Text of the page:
Thanksgiving on a Budget: Seven Easy Ways to Save Money and Calories

Article ID: 546274

Released: 10-Nov-2008 4:15 PM EST

Source Newsroom: Saint Louis University Medical Center

Newswise — Rising costs at the grocery story will be especially painful for many families this Thanksgiving as they get ready for the biggest meal of the year.

"Food is an important part of holidays, and this is especially true for Thanksgiving," said Jennifer Ebelhar McDaniel, a registered dietician and assistant professor of nutrition and dietetics at Saint Louis University.

"There's a lot of pressure to serve a big, traditional Thanksgiving meal, but for many people that's just not financially feasible this year."

Fortunately, McDaniel says there are seven easy ways to slice your grocery bill without cutting the fun out of the holiday

1. Compose your shopping list one week in advance. This gives you time to search for sales, use coupons, etc. In addition, shopping off a list saves you extra trips to the grocery store (wasted gas) and unnecessary purchases.

2. Don't try to serve it all. You don't need to serve everybody's favorite dish. Choose one protein (usually a turkey), one starch (sweet potato dish), one vegetable and one dessert.

3. Know serving sizes. Make sure the recipes you create are modified for the correct number of people invited.

4. Use frozen vegetables where you can. If you are preparing a recipe like broccoli and cheese casserole, choose frozen vegetables instead of fresh. Frozen vegetables are usually cheaper and offer the same nutrient quality.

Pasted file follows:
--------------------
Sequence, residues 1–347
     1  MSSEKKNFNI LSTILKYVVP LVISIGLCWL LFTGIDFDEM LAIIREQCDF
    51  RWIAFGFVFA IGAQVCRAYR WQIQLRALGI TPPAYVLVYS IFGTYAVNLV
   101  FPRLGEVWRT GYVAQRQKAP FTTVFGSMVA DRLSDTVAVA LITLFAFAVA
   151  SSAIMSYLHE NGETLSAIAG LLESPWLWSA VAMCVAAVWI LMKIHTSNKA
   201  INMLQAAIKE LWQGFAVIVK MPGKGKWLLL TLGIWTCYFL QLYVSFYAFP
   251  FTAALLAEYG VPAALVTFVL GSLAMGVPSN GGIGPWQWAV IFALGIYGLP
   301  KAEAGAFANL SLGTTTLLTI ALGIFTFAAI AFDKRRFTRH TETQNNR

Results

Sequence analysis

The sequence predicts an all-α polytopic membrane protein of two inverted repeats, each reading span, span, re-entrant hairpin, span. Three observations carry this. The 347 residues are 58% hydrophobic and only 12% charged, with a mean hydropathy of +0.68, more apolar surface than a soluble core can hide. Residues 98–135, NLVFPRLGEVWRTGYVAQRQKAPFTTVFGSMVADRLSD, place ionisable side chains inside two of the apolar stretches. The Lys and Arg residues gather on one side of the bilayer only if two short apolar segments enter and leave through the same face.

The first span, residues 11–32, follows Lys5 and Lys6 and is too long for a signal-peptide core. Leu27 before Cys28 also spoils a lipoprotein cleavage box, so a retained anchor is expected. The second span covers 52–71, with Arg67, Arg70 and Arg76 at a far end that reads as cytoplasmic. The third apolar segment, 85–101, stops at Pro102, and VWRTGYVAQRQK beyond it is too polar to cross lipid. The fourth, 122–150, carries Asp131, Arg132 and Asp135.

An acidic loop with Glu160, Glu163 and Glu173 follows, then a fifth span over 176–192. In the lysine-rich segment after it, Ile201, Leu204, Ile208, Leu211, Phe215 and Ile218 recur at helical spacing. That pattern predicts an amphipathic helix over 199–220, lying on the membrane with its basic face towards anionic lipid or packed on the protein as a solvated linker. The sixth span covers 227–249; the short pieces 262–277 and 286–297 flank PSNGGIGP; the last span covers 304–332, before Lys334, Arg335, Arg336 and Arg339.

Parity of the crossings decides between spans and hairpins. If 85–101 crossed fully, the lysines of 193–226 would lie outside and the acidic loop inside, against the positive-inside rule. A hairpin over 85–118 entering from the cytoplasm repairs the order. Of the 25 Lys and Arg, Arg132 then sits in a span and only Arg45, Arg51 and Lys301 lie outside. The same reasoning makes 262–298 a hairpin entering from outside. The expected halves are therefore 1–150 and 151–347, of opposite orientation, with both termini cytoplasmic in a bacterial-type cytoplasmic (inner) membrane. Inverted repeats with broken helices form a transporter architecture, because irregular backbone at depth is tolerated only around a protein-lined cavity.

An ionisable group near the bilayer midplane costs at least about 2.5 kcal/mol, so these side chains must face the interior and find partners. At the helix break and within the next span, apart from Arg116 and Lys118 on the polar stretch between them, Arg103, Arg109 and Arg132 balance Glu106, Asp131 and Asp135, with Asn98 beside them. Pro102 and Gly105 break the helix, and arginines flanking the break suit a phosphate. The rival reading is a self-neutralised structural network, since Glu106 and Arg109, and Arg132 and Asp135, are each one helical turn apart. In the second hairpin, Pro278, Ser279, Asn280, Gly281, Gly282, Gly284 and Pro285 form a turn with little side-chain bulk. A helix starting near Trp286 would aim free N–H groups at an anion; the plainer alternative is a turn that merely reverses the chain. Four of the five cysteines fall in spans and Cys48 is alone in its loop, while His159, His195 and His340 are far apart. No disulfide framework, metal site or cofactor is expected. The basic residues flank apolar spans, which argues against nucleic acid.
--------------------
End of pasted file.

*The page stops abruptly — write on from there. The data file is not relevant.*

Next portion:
5. Buy the whole bird. Usually it is cheaper to purchase the whole turkey rather than buy the pieces separately. Plus, leftover turkey tastes great in a turkey casserole, turkey burritos, turkey and cranberry sandwich, and you can use the bones for soups.

6. Ask for help. Offer to make one or two things and delegate the rest. To add a little fun into your potluck, ask your guests to bring copies of their recipe to share.

7. Skip the paper products. While paper plates and plastic utensils are easier than washing dishes, they are expensive and bad for the environment.

At the risk of sounding like the Grinch who stole Thanksgiving, McDaniel says there are several benefits to cutting back this year, even if it's not financially necessary. First, in addition to saving money, you'll also save calories.

"A typical Thanksgiving feast may include as many as 10 options. Even if you take just a little of each, the calories can really add up," she said. "By limiting the number of dishes offered, your family will be less likely to overeat."

But perhaps the biggest benefit of simplifying your Thanksgiving meal, McDaniel says, is that it will allow you to focus on your family and all you have to be thankful for.

"The holidays weren't meant to be stressful. By simplifying your meal, you'll have more time to relax and enjoy the time with your family," she said.

Long a leader in educating health professionals, Saint Louis University began its nursing program in 1928 and offered its first degree in an allied health profession in 1929. Today the Doisy College of Health Sciences offers degrees in nursing, physical therapy, clinical laboratory science, nutrition and dietetics, health informatics and information management, medical imaging and radiation therapeutics, occupational science and occupational therapy, and physician assistant education. The college's unique curriculum prepares students to work with health professionals from all disciplines to ensure the best possible patient care.


Chat now!